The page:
All living beings are made out of cells and inside those cells there is an area which contains all necessary information for that organism to work properly. In humans, this information is called DNA which is located inside a structure called the nucleus.
Inside the nucleus DNA usually looks like a bunch of threads, however, during certain points in the life of a cell (mitosis), these threads are organized in the form of sticks with a division in the middle, also known as chromosomes. Humans have a total of 46 chromosomes in most of their cells, 44 autosomal and 2 sexual (XX or XY). Since they come in pairs (2 similar copies of the same chromosome), experts usually refer to them by their pair number (so, chromosome # 1 refers to not one but 2 chromosomes and so on). Their number and structure needs to be carefully regulated to avoid situations as the ones we’ll be discussing in this article.
There are 2 main types of rare chromosomal abnormalities: Numerical, which are characterized by an excess or lack of entire chromosomes. A common example is having 3 instead of 2 chromosomes #21, a condition also known as Down syndrome. Structural abnormalities are more varied and are characterized by some form of physical alteration (missing parts, extra copies of some segments of DNA, being fused with other chromosomes, etc). Among all rare chromosome disorders, some are more frequent than others. Down syndrome is by far the most common with a 0.5 to 1% incidence, but there are others more rare, like Miller-Dieker syndrome or Jacobsen syndrome which either have an extremely low incidence (0.00001%) or their statistics are simply unknown. However, some even rarer disorders do exist, these are so unusual to see that frequently don’t have names, only descriptive technical codes like “Duplication (9)(p22pter) with Deletion (11)(q23.3qter)”. As technology becomes more advanced, our capacity to detect these rare disorders grows. Nowadays we know more about these disorders than ever before.
How does Rare Chromosome Disorders take place?
The precise mechanisms behind these disorders are not well-understood, not even in the case of Down syndrome. For now all we know is when they happen, when cells divide (mitosis). During mitosis DNA needs to be organized as chromosomes and is in this point where errors can occur.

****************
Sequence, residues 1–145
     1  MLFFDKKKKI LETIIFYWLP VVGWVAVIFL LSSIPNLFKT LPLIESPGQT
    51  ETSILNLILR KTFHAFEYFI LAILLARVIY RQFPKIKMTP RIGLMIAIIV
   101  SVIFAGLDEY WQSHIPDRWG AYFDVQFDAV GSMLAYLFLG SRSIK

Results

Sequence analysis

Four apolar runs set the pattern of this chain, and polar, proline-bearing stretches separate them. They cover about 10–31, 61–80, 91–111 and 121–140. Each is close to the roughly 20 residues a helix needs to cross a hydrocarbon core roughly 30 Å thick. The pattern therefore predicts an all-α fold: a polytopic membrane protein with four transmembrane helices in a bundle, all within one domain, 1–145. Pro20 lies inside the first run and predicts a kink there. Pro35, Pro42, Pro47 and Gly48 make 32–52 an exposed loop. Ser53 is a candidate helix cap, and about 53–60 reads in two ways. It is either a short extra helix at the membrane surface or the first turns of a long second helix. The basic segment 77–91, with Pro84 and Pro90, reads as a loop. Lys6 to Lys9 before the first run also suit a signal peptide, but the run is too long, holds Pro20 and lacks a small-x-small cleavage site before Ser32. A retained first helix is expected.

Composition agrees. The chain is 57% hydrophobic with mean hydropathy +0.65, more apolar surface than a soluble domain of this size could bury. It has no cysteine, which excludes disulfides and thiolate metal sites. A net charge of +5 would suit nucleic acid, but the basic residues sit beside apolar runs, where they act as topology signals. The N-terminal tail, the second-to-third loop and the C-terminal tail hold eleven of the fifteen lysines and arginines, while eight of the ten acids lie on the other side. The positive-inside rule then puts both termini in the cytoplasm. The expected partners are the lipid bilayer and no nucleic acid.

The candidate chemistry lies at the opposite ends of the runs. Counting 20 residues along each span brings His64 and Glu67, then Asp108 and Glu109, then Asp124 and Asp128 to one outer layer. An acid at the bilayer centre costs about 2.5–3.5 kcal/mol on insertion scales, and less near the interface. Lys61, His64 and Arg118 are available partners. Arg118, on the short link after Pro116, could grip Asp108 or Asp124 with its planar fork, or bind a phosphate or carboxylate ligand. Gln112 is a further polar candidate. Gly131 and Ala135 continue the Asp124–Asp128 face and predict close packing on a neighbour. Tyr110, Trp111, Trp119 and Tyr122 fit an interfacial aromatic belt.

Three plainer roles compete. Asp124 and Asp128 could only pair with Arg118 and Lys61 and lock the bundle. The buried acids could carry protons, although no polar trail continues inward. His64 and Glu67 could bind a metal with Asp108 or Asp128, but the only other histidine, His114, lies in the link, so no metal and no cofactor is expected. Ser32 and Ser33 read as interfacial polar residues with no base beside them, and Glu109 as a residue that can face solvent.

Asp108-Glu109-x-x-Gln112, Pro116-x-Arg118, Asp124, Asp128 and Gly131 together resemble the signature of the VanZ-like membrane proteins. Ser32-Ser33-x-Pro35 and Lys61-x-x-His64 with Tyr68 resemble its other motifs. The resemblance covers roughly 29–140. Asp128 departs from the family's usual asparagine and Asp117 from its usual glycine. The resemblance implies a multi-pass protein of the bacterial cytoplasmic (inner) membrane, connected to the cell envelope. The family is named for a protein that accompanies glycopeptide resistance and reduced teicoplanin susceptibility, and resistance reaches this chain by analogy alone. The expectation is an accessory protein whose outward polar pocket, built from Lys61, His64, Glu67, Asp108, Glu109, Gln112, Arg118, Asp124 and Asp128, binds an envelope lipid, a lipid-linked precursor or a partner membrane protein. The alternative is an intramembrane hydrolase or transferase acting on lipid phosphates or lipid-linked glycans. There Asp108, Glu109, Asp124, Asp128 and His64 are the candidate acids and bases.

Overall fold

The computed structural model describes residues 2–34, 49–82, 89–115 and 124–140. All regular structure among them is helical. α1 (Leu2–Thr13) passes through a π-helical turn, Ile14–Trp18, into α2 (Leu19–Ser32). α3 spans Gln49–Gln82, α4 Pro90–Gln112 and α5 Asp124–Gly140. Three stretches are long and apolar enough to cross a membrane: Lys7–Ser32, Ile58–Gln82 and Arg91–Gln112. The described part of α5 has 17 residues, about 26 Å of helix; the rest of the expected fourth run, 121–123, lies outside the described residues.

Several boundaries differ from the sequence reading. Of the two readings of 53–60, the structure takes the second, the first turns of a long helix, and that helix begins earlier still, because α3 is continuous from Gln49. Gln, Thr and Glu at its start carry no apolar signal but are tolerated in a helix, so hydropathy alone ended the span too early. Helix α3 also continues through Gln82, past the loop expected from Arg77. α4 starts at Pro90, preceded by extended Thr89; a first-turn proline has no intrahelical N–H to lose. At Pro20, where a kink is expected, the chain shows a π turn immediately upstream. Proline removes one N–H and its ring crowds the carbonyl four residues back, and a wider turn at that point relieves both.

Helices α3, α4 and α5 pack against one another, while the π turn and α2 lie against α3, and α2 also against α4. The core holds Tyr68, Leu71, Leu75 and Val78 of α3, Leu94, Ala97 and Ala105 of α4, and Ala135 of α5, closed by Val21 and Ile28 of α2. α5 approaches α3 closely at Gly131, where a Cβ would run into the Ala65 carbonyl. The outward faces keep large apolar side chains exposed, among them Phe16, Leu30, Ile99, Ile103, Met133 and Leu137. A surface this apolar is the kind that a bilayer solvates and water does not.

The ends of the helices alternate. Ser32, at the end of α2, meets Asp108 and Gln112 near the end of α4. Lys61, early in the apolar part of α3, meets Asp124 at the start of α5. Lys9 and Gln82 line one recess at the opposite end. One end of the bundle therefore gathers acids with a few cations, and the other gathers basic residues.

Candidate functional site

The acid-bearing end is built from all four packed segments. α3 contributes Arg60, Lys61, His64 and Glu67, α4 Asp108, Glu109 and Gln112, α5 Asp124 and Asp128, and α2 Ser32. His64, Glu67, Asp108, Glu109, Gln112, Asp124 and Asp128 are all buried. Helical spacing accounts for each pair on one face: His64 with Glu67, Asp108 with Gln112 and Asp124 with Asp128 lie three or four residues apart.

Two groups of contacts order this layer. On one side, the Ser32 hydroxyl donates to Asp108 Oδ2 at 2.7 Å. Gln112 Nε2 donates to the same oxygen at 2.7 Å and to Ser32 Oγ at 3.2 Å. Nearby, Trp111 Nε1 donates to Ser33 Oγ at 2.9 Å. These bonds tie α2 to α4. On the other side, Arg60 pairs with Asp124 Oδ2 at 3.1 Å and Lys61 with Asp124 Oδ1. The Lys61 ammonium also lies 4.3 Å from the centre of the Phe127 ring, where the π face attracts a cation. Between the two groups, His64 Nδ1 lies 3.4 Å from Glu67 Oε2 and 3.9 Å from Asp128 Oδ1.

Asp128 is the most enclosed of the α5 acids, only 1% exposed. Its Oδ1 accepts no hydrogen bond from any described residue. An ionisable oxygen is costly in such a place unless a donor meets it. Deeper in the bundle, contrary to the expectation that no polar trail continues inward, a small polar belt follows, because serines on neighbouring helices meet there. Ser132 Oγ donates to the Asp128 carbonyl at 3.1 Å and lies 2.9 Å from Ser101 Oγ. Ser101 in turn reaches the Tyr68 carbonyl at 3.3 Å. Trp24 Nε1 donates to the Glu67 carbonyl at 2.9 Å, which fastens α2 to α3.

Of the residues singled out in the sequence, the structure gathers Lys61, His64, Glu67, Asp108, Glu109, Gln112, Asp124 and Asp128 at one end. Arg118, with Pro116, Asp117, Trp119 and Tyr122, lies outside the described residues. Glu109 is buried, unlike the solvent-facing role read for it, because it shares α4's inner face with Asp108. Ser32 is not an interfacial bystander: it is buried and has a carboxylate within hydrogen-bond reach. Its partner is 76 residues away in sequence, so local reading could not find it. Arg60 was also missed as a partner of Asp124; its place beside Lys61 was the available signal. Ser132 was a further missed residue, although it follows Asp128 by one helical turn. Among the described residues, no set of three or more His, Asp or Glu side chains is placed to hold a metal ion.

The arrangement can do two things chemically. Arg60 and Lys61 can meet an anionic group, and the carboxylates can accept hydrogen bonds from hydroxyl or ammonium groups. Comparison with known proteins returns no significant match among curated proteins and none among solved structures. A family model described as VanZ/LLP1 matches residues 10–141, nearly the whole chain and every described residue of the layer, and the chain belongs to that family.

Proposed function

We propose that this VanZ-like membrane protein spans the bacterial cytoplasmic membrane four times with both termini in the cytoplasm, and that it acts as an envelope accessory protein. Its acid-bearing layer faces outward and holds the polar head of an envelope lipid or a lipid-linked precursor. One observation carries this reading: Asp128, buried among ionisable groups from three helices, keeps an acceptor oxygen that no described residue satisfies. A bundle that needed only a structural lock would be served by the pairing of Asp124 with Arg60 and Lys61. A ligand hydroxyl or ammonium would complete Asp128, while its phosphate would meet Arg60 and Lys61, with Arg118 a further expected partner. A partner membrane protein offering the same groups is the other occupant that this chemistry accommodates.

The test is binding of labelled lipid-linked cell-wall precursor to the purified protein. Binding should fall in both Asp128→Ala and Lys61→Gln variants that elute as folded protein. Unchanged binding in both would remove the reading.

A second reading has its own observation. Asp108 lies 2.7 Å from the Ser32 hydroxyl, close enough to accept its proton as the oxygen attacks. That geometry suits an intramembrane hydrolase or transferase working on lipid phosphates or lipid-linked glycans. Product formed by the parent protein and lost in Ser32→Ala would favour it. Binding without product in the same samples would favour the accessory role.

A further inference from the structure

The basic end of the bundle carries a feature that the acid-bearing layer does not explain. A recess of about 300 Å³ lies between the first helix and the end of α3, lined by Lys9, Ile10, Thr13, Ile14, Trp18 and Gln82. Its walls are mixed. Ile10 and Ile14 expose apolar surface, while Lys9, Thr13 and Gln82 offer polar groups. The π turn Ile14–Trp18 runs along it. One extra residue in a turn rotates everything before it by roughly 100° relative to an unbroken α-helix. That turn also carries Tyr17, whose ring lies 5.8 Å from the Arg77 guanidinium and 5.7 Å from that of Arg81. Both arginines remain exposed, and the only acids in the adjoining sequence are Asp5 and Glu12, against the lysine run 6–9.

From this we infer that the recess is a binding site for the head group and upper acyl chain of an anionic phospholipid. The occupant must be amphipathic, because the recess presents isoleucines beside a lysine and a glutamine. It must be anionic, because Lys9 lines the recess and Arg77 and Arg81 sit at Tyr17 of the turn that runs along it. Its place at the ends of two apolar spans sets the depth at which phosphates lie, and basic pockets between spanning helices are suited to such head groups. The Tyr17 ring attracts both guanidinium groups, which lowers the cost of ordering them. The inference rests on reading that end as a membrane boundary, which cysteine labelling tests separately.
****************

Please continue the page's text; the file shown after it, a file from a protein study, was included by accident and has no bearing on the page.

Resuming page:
When germline cells (eggs or sperm) experience these errors, children born from these cells will have them in every cell of their bodies. When they happen in any other type of cell, then the effects will be less extensive. Among potential consequences we found: infertility, cancer, incompatibility between tissues, etc. Certain factors can increase the probability for the appearance of chromosomal abnormalities. For example, women of a certain age are more likely to have children with these disorders and exposure to mutagens can also have this effect in both male and females.
What are the Symptoms?
Since we are discussing a group of rare conditions, naturally, each one will have its own set of symptoms, however, author do report some common trends:
Although these conditions tend to cause problems, some of them allow normal development and average intelligence, like those identified as: 2p, 6p, 6q, 8p, 11q, 18q, 20p and 21q.
Is it Curable?
This is not the kind of disorder you can treat. In some cases, symptoms can be treated to improve quality of life, but most of the time, you’ll have to choose an option from this list:
Counseling: A genetic counselor will explain all the features of your/ your children’s particular disorder, provide information about possible interventions to improve quality of life and determine how likely is the condition to be inherited.
Occupational therapy: This method guides people through a series of daily activities as a form of rehabilitation or treatment to deal with physical or mental disabilities.
Physical therapy: This can help by developing strength and improving coordination.
Medication: Because of the nature of some rare conditions, medications may be needed due to some associated condition like cardiovascular disease, the exact medication/ medication recommended will vary with with each case.
Which Doctor should be Consulted for it?
Most of these conditions become apparent during infancy, therefore, for those cases we recommend seeing a pediatrician with experience dealing with chromosomal disorders. Genetic counselors should also be consulted.
For specific conditions associated with chromosome disorders, other specialists can be consulted: Cardiologists, endocrinologists, pneumonologists, etc. Rare chromosomal conditions do affect a certain percentage of the population, however, their management is generally similar to many other of these disorders.